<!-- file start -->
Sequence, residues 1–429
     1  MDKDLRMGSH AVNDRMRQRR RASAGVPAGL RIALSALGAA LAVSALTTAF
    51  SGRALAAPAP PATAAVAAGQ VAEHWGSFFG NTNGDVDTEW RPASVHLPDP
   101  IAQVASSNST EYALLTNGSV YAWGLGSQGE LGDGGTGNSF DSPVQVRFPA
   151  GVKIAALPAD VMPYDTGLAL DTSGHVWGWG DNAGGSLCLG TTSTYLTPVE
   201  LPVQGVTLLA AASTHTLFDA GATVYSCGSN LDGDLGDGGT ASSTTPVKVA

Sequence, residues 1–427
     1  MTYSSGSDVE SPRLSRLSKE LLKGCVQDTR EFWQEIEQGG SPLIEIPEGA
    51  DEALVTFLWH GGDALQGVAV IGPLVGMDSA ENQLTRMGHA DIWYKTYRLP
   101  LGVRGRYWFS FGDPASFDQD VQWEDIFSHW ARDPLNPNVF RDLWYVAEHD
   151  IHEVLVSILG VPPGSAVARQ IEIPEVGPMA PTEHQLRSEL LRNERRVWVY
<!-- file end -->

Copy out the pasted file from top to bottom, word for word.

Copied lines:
Sequence, residues 1–429
     1  MDKDLRMGSH AVNDRMRQRR RASAGVPAGL RIALSALGAA LAVSALTTAF
    51  SGRALAAPAP PATAAVAAGQ VAEHWGSFFG NTNGDVDTEW RPASVHLPDP
   101  IAQVASSNST EYALLTNGSV YAWGLGSQGE LGDGGTGNSF DSPVQVRFPA
   151  GVKIAALPAD VMPYDTGLAL DTSGHVWGWG DNAGGSLCLG TTSTYLTPVE
   201  LPVQGVTLLA AASTHTLFDA GATVYSCGSN LDGDLGDGGT ASSTTPVKVA

Sequence, residues 1–427
     1  MTYSSGSDVE SPRLSRLSKE LLKGCVQDTR EFWQEIEQGG SPLIEIPEGA
    51  DEALVTFLWH GGDALQGVAV IGPLVGMDSA ENQLTRMGHA DIWYKTYRLP
   101  LGVRGRYWFS FGDPASFDQD VQWEDIFSHW ARDPLNPNVF RDLWYVAEHD
   151  IHEVLVSILG VPPGSAVARQ IEIPEVGPMA PTEHQLRSEL LRNERRVWVY